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Plate frame and bar plate evaporator model validation and volume minimization




Simon, John Robert, III, author
Bandhauer, Todd M., advisor
Quinn, Jason, committee member
Carter, Ellison, committee member

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Vapor compression chillers are the primary cooling technology for large building applications. Chillers have a large up front capital cost, with the heat exchangers accounting for the majority of the cost. Heat exchanger cost is a function of size, and therefore, a reduction in heat exchanger size can be correlated to a reduction in chiller capital cost. Few investigations focus on the reduction in heat exchanger size for vapor compression systems. Therefore, this investigation aims to decrease the size of chillers by predicting the minimum evaporator volume for a fixed performance. Only the evaporator was minimized because it was assumed that a similar process could be performed for the condenser in a future study. The study focused on a simple vapor compression cycle, and implemented high fidelity heat exchanger models for two compact heat exchanger types: brazed bar plate and gasketed plate and frame. These models accounted for variable fluid properties, phase change, and complex geometries within the evaporator core. The models used in this investigation were developed based on liquid-coupled evaporators in an experimental vapor compression system, and validated using collected data. The bar plate model was validated based on sizing and pressure drop to mean absolute errors of 14.2% and 14.0%, respectively. The plate frame model was validated for sizing to mean absolute errors equal to 7.9%; however, due to measurement uncertainty, pressure drop was not validated. The heat exchanger models were integrated into a simple vapor compression cycle model to determine the minimum required evaporator volume. Both heat exchanger types, in parallel and counter flow arrangements were minimized in this study. The minimum volume was achieved by varying the ratio between core length and number of channels. It was found that for both heat exchanger types, the parallel flow arrangement resulted in a smaller volume than the counter flow arrangement. Furthermore, the bar plate heat exchanger resulted in an optimum volume 91% smaller than the plate frame counterpart.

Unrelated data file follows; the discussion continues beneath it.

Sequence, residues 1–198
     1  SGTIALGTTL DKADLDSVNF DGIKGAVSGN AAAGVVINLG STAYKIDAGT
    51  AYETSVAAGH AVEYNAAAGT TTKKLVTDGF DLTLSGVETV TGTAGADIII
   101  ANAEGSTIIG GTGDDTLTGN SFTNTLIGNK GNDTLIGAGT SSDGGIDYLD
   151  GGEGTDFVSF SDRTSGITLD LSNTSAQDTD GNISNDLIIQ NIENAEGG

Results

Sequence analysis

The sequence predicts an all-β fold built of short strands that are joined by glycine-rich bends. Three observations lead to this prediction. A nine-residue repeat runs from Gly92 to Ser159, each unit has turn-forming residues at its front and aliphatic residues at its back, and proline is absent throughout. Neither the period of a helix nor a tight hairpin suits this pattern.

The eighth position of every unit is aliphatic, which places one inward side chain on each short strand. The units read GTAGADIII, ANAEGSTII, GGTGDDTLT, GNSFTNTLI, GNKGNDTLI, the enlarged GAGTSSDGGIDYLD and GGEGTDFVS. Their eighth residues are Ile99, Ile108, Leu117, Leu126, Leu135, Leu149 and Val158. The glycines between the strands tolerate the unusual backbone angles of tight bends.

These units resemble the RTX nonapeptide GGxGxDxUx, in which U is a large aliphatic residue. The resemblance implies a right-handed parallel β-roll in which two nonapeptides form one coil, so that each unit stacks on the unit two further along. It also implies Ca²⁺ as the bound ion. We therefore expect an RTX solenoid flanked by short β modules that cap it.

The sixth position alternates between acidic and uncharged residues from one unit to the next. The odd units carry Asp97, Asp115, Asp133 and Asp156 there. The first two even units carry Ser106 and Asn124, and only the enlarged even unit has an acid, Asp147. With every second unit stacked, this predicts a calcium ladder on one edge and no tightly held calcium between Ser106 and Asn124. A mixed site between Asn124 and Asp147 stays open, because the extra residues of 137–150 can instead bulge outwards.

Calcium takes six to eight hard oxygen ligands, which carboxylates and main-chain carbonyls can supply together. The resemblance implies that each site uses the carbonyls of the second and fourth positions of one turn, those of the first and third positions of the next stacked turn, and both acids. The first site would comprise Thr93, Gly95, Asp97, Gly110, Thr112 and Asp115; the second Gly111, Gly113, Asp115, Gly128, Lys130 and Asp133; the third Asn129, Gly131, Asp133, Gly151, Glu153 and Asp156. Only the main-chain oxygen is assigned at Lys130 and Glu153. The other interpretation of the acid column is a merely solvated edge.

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plate frame heat exchanger
bar plate heat exchanger
vapor compression


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